"It is impossible to hide any movement of equipment, any maneuver immediately becomes known to the enemy and shelling begins either with artillery or drones."

The officer added that, unlike in Bakhmut, there were no basements in which to shelter.

Trenches and minefields: Solonko also said that Russian fortifications were elaborate. "There is an entire system of trenches, dugouts, actual tunnels in some places ... Automatic grenade launchers, machine guns, anti-tank missile systems. Anti-tank ditches and minefields stretch across the fields."

"What is not dug up is mined. We need to go through all this to move forward."

Multiple accounts in recent weeks speak of Ukrainian sappers - soldiers tasked with clearing minefields - making slow progress, with some of the weapons set off by tripwires that were intensively laid as a first line of defense by the Russians.

"Our positions on the retaken territory are surrounded by mines and tripwires. Paths are being made to enter, sappers are gradually clearing the territory."

Air power: Solonko also acknowledged the loss of Ukrainian armor in the region "because of the enemy's superiority in the air." 

"Guided aerial bombs are one of the biggest fears. The Russians use them on a massive scale. I can't judge the accuracy, but the weapon is formidable in power."

The Russians are extensively using drones for surveillance and targeting Ukrainian positions, according to Solonko. "They identify targets and launch Lancets in swarms as well as guided bombs."

But he says that US-donated vehicles are saving lives, with one soldier he'd spoken to revealing he'd survived a direct attack twice in Bradley (fighting vehicles).

Defenses run deep: Analysts have said there are deeply entrenched defenses further ahead. OSINT analyst Emil Kastehelmi notes that "the Russians have built 100-350m long communication trenches, which helps them both reinforce or retreat from the fighting positions."

"Heavy fortifications are built in order to block any potential advance on the main road towards Tokmak," Kastehelmi wrote Sunday in a post on X, formerly Twitter.

The Institute for the Study of War commented in its latest front line assessment that "Ukrainian forces are now within striking distance of the next series of Russian defensive positions, which appears to be comprised of a relatively more contiguous array of anti-tank ditches and dragon’s teeth anti-tank obstacles, with Russian fighting positions behind these obstacles similar to the previous layer of Russian defenses."

ISW added: "The highly interconnected systems of trenches and dugouts that the Ukrainian soldier described is the result of months of Russian preparation. It is unclear if Russian forces extended that system throughout subsequent series of defensive positions further south."

6:37 a.m. ET, August 28, 2023

Ukraine needs more support or Russia won’t stop, Moldovan president tells CNN in exclusive interview

From CNN's Christiane Amanpour, Claire Calzonetti and Ben Kirby

Maia Sandu speaks with CNN on Sunday.
Maia Sandu speaks with CNN on Sunday. CNN

Moldova’s President Maia Sandu has told CNN that “Ukraine needs to get more support… and everybody should understand that if Ukraine is not helped, then Russia will not stop in Ukraine or Moldova.”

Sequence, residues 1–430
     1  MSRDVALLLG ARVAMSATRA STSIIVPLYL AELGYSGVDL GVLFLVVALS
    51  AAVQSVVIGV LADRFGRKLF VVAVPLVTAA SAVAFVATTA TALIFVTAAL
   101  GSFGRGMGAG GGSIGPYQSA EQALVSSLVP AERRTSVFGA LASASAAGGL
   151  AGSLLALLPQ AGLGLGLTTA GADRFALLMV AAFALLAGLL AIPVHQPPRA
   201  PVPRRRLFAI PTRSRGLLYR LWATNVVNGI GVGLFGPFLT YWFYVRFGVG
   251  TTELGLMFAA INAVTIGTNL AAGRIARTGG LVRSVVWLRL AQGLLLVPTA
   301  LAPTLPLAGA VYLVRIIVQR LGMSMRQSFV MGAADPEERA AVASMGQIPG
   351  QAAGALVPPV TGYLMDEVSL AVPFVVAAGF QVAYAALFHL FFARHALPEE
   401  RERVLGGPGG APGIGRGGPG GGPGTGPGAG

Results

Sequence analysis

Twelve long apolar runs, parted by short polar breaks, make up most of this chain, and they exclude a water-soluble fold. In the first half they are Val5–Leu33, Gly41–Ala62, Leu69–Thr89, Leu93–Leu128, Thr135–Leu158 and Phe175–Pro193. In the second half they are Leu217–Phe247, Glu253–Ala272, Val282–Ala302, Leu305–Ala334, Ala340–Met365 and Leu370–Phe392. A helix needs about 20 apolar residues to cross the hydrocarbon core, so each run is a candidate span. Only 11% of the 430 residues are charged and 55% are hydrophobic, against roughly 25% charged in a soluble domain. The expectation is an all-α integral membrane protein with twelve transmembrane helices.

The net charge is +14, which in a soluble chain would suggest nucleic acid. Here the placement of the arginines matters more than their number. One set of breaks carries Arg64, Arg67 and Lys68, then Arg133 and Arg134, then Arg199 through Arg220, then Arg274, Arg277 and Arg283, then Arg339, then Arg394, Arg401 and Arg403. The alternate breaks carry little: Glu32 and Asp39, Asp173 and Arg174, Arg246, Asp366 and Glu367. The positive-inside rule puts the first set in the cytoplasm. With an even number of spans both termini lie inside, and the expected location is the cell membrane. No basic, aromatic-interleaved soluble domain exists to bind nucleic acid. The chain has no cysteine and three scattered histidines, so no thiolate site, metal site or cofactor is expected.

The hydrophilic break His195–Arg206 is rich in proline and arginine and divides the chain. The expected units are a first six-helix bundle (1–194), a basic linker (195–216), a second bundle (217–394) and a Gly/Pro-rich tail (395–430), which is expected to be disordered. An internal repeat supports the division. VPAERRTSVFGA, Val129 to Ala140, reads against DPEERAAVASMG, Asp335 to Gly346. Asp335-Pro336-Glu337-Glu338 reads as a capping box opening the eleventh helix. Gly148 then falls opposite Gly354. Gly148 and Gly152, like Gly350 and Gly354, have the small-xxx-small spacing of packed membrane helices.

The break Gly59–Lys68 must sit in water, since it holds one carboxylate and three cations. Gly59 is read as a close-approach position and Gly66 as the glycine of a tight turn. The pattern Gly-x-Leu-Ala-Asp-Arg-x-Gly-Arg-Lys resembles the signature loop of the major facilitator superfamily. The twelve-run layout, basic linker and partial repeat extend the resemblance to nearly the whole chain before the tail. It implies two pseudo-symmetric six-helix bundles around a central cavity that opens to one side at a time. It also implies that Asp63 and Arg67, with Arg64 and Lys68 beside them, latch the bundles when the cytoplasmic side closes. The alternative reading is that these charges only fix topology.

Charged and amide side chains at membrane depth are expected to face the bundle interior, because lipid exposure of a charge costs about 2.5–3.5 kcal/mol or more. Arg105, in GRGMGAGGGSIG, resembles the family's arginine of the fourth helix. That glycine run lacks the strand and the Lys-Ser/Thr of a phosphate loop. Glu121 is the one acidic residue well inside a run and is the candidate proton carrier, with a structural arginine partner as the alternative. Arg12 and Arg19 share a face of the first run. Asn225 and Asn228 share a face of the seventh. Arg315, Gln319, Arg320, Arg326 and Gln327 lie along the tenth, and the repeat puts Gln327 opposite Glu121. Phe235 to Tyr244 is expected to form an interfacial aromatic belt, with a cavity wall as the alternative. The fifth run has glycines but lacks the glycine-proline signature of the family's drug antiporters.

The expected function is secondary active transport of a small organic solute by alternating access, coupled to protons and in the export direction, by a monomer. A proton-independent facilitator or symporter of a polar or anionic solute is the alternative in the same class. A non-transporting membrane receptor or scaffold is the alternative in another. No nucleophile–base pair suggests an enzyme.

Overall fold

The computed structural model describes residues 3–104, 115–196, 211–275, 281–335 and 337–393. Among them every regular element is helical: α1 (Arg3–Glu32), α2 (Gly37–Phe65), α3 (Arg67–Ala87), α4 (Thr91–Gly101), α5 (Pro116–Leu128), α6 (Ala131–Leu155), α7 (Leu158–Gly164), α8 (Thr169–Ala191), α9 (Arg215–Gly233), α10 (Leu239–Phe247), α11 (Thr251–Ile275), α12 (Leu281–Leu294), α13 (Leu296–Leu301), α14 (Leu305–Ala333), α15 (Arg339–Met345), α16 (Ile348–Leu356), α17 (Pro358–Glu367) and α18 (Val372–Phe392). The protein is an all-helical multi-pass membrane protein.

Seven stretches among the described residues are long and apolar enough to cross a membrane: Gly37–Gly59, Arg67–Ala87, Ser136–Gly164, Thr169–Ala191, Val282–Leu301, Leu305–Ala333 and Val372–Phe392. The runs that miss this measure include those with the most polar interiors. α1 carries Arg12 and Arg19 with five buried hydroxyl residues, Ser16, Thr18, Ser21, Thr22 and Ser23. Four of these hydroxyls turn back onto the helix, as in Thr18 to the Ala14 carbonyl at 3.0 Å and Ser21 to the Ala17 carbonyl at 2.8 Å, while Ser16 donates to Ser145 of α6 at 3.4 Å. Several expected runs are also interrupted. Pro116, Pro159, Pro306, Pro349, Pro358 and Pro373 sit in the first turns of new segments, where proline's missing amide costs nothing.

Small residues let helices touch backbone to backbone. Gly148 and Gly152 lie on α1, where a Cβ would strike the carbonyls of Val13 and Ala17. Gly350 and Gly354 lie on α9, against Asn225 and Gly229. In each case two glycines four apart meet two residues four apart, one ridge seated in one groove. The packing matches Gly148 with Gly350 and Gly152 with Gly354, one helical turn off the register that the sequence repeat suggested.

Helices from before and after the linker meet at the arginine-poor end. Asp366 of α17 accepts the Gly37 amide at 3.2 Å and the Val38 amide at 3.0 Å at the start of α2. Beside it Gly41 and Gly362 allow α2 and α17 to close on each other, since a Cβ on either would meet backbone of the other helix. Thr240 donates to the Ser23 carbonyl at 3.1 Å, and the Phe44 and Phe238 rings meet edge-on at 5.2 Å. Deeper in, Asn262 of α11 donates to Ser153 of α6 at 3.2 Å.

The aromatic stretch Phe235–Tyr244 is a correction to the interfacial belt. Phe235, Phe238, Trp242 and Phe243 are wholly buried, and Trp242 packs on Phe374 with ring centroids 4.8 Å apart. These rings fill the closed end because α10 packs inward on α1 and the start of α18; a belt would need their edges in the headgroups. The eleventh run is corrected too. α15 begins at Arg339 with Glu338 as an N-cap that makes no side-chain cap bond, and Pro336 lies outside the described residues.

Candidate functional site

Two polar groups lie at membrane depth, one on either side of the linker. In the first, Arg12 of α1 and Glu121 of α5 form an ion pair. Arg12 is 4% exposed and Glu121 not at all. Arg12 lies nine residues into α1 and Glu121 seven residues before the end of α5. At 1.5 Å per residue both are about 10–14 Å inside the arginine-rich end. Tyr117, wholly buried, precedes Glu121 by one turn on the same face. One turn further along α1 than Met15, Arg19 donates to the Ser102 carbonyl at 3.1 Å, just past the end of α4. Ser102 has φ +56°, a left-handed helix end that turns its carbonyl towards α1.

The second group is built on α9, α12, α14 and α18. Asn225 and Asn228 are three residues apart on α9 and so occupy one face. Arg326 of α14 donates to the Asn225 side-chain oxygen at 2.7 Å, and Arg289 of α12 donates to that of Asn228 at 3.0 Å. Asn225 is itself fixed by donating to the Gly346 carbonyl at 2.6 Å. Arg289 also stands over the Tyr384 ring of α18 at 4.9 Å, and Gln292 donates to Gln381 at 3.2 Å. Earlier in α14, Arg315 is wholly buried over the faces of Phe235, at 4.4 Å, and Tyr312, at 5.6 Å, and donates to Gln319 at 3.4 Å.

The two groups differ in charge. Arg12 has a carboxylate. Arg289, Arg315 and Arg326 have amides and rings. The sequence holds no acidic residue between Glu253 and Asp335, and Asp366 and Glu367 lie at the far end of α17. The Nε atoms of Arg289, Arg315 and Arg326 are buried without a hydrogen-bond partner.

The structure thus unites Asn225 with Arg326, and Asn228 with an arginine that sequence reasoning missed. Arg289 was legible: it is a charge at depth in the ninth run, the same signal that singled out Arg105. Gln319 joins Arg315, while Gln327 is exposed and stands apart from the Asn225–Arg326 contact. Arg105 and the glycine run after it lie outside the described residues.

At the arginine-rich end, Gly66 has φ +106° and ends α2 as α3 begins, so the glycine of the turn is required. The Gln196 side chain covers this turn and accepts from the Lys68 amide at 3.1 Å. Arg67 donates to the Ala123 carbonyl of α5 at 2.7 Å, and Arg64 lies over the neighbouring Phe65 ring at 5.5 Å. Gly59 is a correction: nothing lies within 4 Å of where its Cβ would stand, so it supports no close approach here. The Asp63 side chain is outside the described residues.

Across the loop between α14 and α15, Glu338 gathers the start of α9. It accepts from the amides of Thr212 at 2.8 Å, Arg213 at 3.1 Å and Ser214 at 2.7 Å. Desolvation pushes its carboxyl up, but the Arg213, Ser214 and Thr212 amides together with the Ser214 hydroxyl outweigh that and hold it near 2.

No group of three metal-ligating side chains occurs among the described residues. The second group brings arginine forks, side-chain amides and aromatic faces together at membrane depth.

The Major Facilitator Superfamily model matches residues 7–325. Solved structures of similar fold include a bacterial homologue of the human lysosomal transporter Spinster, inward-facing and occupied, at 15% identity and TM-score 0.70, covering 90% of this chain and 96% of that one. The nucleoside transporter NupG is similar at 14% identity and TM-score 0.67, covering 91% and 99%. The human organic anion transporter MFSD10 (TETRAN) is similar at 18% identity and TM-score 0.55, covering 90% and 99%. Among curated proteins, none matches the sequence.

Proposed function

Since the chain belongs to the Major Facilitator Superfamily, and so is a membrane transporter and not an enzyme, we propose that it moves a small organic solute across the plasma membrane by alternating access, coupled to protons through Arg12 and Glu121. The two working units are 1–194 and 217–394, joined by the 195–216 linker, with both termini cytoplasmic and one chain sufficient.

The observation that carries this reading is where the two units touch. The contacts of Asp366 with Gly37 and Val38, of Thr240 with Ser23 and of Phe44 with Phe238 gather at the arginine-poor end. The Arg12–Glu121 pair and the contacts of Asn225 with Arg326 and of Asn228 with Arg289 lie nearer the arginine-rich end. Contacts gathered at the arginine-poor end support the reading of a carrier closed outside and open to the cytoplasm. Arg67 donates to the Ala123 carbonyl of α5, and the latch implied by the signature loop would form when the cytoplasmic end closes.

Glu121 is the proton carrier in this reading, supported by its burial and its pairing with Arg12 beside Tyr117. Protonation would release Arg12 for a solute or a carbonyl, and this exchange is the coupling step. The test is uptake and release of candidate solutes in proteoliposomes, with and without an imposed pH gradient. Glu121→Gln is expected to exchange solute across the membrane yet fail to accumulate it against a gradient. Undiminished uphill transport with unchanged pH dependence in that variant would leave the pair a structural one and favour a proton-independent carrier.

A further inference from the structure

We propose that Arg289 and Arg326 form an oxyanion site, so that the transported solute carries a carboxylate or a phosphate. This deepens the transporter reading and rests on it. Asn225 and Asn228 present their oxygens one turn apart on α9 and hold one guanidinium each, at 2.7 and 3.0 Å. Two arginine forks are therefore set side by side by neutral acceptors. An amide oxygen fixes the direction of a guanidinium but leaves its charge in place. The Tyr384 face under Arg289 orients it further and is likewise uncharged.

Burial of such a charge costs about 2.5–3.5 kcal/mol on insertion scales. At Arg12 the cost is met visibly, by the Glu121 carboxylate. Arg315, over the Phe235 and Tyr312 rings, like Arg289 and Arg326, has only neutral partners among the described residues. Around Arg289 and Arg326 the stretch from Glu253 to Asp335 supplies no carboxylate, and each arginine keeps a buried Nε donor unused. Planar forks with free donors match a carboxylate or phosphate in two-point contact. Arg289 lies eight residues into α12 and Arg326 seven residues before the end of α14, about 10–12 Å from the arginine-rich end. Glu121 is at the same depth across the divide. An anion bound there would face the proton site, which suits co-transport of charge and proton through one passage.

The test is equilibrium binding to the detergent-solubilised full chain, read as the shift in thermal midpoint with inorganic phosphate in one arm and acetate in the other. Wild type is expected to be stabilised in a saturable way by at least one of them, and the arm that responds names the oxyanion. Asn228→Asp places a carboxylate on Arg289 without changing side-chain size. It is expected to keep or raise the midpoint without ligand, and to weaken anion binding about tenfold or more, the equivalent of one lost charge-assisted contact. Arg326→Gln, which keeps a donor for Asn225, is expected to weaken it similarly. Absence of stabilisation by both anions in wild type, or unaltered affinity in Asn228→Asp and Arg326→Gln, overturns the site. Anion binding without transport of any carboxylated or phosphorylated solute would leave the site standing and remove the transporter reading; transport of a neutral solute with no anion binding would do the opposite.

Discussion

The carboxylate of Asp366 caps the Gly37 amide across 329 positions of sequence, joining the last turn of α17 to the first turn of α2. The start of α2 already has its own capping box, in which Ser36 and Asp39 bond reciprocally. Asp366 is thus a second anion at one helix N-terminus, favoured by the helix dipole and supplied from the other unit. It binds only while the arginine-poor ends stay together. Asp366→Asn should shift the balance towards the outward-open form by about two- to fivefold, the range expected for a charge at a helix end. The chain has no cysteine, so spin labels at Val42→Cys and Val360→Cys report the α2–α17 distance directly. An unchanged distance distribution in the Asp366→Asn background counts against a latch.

In an exclusive interview in Chisinau with CNN’s chief international anchor, the president added that she hoped “more support will be coming soon, so that Ukraine could recover its territories and we will see an end to this crazy war.”

Amanpour spoke with President Sandu on Sunday as Moldova marked its 32nd independence day. The country borders Ukraine and has experienced serious tensions with Russia, in particular over the eastern pro-Russian breakaway territory of Transnistria, where Russian troops are stationed.

In February, Russian President Vladimir Putin revoked a 2012 foreign policy decree that in part recognized Moldova’s independence, according to Reuters.

Sandu told Amanpour that in Transnistria “there is a regime which is supported by Russia.”

“There are the Russian troops which are stationed illegally in the Transnistrian region. And of course, this is how the Russian authorities are trying to influence things in the Republic of Moldova.”

Tensions have been further heightened since Russia’s full-scale invasion of Ukraine in February 2022, with the expulsion of Russian diplomats from Moldova, and of Moldovans from Russia.

“When people from Russia try to overthrow a democratically elected government, this is a very clear sign that there is no respect for this country,” Sandu told Amanpour, referring to the expulsion of Russian diplomats.

Moldova is not currently a member of the European Union, but applied for membership shortly after Russia launched its invasion, and was then granted candidate status in June 2022.

President Sandu noted that “it’s a long process” and acknowledged “we still have corrupt judges and corrupt prosecutors who do not want our reforms to succeed,” but she emphasized that “Moldova’s democracy will be preserved when Moldova becomes [an] EU member state.”

When asked about the death of Yevgeniy Prigozhin, Sandu noted that “this just reconfirms the risks which come from Russia, a country which does not have justice… Unfortunately this does not limit to Russia’s borders. Unfortunately this is the way Russia acts with respect to its neighbors.”

Watch the full interview on Amanpour on Monday, 1 p.m. ET.